Tips for Booking a Vacation that Won’t Stretch Your Wallet Too Thin
educating-myself | Read Time: 3 minutes
By Vernita Dorsey | Published: May 2022
The weather is heating up, which for many means the start of vacation season.
A recent WSFS survey found that 44% of Greater Philadelphia and Delaware region respondents are not confident they can keep pace with inflation’s impact on goods and services, which could affect many consumers’ ability to book time for rest and relaxation because they must prioritize the necessities.
Thirty-six percent of regional respondents cited saving for a large purchase like a vacation as a goal, and there are ways to plan a vacation without stretching your wallet too thin. Here are tips to help book a vacation that won’t break the bank.
Hunt for Deals
First and foremost, it is important to set a budget and stick to it. With costs for everything from food to flights to gasoline rising, maintaining a strict budget in all aspects of your life is vital.
Once you have your vacation budget set it is time to start booking…not so fast.
Before booking anything for your vacation, start by putting in some time to research the best deals. Whether it’s for your hotel, flights, the scenic tour you’re hoping to take, or even the places you will dine at while away, there are an abundance of discount travel sites that can help identify good deals.
While it is never a bad idea to hunt for the best deal, it is also important to do so in a safe way to avoid travel scams. Fraudsters have been known to spoof legitimate vacation rentals as well as utilize fake websites and ads made to look like real ones as part of phishing schemes. If a deal looks too good to be true, it probably is.
Take a close look at the URL to any website you book through, look at the company’s reviews, and check other elements of the website for spelling and grammatical errors to help identify the site’s legitimacy before providing any personal information.
Credit cards can be great for booking travel, as many offer rewards that can be cashed in on your trip or for future getaways, but it is important to ensure you’re paying off your balance each month and to be financially prepared to pay off what you add to your balance while on your trip, to avoid accruing interest and carrying a balance. With interest rates rising, it is important to hone in on your credit use to avoid plunging yourself down a financial rabbit hole.
In addition to credit card rewards, such as cash back and airline miles, many hotels and other travel-focused companies offer loyalty points.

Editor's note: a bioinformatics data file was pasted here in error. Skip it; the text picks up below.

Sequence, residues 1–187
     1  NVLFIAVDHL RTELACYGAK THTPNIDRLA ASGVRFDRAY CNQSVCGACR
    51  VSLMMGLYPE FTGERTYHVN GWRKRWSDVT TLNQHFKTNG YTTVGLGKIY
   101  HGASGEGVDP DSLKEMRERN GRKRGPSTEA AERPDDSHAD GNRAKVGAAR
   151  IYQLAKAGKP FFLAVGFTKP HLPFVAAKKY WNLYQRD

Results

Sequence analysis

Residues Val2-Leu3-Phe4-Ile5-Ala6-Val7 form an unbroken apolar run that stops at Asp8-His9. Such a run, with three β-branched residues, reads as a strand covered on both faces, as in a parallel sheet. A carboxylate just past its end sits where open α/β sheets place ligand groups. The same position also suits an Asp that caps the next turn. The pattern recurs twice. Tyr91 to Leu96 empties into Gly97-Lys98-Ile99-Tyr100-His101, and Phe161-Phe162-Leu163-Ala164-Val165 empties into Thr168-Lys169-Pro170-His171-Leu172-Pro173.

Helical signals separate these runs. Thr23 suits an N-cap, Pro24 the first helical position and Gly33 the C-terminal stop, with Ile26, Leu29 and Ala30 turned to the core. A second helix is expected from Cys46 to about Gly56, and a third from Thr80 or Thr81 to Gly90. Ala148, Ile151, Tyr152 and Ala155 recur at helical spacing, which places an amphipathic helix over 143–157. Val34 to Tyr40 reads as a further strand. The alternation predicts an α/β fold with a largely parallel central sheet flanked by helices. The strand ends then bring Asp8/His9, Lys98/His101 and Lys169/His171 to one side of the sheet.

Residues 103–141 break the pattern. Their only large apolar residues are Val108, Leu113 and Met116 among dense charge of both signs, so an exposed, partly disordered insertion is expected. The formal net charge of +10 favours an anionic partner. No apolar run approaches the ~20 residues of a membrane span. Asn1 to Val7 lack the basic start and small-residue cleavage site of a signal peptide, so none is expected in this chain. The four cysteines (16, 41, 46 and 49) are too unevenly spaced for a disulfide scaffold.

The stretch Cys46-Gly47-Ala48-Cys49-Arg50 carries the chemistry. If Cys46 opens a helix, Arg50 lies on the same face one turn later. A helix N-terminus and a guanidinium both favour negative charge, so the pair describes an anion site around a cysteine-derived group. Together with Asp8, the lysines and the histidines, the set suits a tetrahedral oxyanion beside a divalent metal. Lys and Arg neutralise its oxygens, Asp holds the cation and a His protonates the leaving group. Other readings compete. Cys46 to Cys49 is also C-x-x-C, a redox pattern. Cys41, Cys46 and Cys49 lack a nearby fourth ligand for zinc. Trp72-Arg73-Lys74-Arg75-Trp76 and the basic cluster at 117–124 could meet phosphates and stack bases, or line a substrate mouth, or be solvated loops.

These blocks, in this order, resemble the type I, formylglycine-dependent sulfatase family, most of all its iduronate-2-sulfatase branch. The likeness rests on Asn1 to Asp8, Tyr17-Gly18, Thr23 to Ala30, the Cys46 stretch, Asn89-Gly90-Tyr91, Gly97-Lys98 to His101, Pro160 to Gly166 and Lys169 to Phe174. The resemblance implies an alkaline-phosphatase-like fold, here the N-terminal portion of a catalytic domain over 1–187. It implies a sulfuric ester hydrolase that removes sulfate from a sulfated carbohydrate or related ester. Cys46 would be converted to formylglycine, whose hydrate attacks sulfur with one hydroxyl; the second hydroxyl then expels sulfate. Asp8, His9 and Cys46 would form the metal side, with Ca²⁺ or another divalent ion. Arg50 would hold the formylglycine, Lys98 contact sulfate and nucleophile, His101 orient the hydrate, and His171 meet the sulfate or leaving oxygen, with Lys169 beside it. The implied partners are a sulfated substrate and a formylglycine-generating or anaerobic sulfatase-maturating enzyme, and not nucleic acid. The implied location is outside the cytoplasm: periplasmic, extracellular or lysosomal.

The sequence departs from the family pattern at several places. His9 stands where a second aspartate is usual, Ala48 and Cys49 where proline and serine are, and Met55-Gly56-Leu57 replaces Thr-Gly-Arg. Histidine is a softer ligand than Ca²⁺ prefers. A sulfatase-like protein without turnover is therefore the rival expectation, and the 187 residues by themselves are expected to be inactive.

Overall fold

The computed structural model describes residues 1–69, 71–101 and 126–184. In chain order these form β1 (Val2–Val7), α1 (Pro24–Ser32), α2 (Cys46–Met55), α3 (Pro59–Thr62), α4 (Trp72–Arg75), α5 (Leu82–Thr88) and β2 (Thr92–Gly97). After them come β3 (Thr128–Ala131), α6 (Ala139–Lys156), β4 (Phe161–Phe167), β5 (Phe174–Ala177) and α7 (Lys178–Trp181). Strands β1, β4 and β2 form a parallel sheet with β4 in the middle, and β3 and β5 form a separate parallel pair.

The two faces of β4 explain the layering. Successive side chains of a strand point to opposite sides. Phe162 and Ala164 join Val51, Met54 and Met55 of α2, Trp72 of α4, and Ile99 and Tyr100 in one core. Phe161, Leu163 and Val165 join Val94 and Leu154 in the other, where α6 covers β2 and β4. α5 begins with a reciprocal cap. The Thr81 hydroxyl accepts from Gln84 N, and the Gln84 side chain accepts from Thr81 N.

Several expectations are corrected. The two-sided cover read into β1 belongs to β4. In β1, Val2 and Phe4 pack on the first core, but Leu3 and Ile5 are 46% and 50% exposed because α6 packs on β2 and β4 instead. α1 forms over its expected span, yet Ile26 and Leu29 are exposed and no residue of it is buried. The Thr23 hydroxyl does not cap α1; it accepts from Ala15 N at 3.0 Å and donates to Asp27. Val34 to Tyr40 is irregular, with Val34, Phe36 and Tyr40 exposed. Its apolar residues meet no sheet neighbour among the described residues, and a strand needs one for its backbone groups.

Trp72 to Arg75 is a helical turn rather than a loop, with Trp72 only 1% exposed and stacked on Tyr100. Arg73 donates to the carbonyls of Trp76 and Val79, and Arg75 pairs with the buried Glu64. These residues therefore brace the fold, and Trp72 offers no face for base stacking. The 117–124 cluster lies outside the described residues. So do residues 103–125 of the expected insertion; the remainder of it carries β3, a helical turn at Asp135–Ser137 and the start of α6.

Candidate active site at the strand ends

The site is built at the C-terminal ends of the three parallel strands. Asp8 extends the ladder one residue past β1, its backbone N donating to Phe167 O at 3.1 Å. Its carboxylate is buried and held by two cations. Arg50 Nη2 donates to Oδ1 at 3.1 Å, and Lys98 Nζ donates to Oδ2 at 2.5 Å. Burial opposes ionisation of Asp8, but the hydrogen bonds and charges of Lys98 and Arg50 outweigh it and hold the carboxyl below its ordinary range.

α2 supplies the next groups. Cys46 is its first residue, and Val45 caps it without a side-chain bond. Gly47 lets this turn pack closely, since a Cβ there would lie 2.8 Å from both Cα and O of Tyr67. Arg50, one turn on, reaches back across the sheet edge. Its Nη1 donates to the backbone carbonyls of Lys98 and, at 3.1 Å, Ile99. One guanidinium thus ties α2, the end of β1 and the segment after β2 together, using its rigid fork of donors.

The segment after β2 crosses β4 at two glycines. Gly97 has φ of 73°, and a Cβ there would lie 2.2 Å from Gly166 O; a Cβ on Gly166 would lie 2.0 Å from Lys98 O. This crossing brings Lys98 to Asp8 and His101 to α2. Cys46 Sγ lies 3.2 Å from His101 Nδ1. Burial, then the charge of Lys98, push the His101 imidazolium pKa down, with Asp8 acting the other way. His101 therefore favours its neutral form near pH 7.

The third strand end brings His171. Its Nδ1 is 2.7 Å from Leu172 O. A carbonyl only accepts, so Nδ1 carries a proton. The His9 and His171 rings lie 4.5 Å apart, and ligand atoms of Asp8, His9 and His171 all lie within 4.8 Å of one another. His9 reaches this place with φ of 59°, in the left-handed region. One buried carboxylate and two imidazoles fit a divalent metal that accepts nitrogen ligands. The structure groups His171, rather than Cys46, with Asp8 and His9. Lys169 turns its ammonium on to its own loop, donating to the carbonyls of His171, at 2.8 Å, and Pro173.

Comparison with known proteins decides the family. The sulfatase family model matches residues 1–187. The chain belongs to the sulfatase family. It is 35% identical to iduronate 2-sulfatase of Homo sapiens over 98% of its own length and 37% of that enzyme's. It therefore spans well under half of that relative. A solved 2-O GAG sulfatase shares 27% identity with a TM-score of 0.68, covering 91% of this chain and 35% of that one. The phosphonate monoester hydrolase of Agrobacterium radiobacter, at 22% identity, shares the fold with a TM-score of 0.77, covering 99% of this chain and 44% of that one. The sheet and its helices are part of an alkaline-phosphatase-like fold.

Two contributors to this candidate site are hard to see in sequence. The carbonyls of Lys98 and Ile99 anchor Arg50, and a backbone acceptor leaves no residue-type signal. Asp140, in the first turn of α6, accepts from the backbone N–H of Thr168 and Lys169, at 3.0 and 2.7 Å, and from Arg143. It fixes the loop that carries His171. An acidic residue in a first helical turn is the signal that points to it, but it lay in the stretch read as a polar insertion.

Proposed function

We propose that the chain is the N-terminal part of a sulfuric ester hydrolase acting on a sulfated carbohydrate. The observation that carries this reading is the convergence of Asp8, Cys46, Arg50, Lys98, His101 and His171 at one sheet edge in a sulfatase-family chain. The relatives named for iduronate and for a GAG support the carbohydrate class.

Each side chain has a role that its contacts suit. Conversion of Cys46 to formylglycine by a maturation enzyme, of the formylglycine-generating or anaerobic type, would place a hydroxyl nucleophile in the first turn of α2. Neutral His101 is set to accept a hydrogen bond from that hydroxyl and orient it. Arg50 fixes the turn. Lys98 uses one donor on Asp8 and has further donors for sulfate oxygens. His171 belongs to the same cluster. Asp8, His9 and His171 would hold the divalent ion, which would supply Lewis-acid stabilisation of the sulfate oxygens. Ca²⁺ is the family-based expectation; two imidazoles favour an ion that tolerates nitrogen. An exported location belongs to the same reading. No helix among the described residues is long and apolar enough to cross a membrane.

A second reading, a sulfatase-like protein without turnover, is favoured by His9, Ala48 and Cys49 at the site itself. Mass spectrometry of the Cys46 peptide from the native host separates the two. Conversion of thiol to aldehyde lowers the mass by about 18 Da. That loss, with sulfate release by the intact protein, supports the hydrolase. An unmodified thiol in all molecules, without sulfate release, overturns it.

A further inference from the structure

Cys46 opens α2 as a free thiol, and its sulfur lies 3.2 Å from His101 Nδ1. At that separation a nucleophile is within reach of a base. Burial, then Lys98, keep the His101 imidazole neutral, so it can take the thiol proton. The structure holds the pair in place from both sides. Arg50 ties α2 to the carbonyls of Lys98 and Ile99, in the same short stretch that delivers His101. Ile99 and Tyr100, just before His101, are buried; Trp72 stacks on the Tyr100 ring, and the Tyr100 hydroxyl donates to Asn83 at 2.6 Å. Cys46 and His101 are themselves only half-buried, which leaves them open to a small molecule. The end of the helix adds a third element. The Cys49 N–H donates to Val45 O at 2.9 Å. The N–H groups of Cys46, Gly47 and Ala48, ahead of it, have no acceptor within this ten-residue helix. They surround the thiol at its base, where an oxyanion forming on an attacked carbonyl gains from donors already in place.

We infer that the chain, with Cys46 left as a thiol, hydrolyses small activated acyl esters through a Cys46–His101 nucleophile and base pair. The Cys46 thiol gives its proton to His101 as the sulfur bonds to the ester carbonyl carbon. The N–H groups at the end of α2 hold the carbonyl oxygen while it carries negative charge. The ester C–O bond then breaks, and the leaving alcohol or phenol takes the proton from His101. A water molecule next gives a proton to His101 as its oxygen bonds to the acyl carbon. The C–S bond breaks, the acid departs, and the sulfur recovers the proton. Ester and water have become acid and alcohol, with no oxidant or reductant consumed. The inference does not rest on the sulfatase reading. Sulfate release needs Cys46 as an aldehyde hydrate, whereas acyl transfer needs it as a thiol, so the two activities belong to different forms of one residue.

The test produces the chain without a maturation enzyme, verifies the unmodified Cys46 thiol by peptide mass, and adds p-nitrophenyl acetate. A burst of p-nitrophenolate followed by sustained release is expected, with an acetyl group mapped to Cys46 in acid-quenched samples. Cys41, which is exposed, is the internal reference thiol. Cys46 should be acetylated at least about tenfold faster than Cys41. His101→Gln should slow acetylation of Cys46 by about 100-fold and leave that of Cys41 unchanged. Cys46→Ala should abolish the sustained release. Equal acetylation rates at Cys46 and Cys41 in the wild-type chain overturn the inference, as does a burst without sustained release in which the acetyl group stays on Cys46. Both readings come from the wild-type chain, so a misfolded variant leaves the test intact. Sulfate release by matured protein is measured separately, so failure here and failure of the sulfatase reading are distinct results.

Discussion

If you’ve found yourself accumulating credit card rewards or other loyalty points, now is a great time to cash those in to help make your dream vacation happen while also keeping the cost of the trip down.
Look for Alternatives
In addition to looking for deals and cashing in rewards, evaluating alternatives can be a good way to vacation on a budget.
If you’re staying somewhere with a fridge or full kitchen, consider scheduling a grocery pickup at a store near your destination to save money and limit the items you need to purchase while out and about.
Unfortunately, both the price of gasoline and airline travel have skyrocketed in recent months, which can make just getting to your destination pricy without factoring in meals and excursions. Consider looking into trains and public transit where possible to provide a more cost-effective way to reach your destination.
Vacationing during less heavily traveled months can also unlock savings, as hotels, rentals and airfare are likely to be cheaper during these lower demand seasons.
If you find your budget is still too tight, this may be the year to take a staycation – remember, it is important to cover your necessities before luxuries like travel. Consider smaller day trips to your local parks, historical sites, visit family, or find a local organization to volunteer with for ways to relax and bond with loved ones while also giving back.
About the Author – Vernita Dorsey
Vernita Dorsey is Senior Vice President, Director of Community Strategy at WSFS Bank. She has more than 38 years of experience as a community banker and has actively served her community throughout her career.
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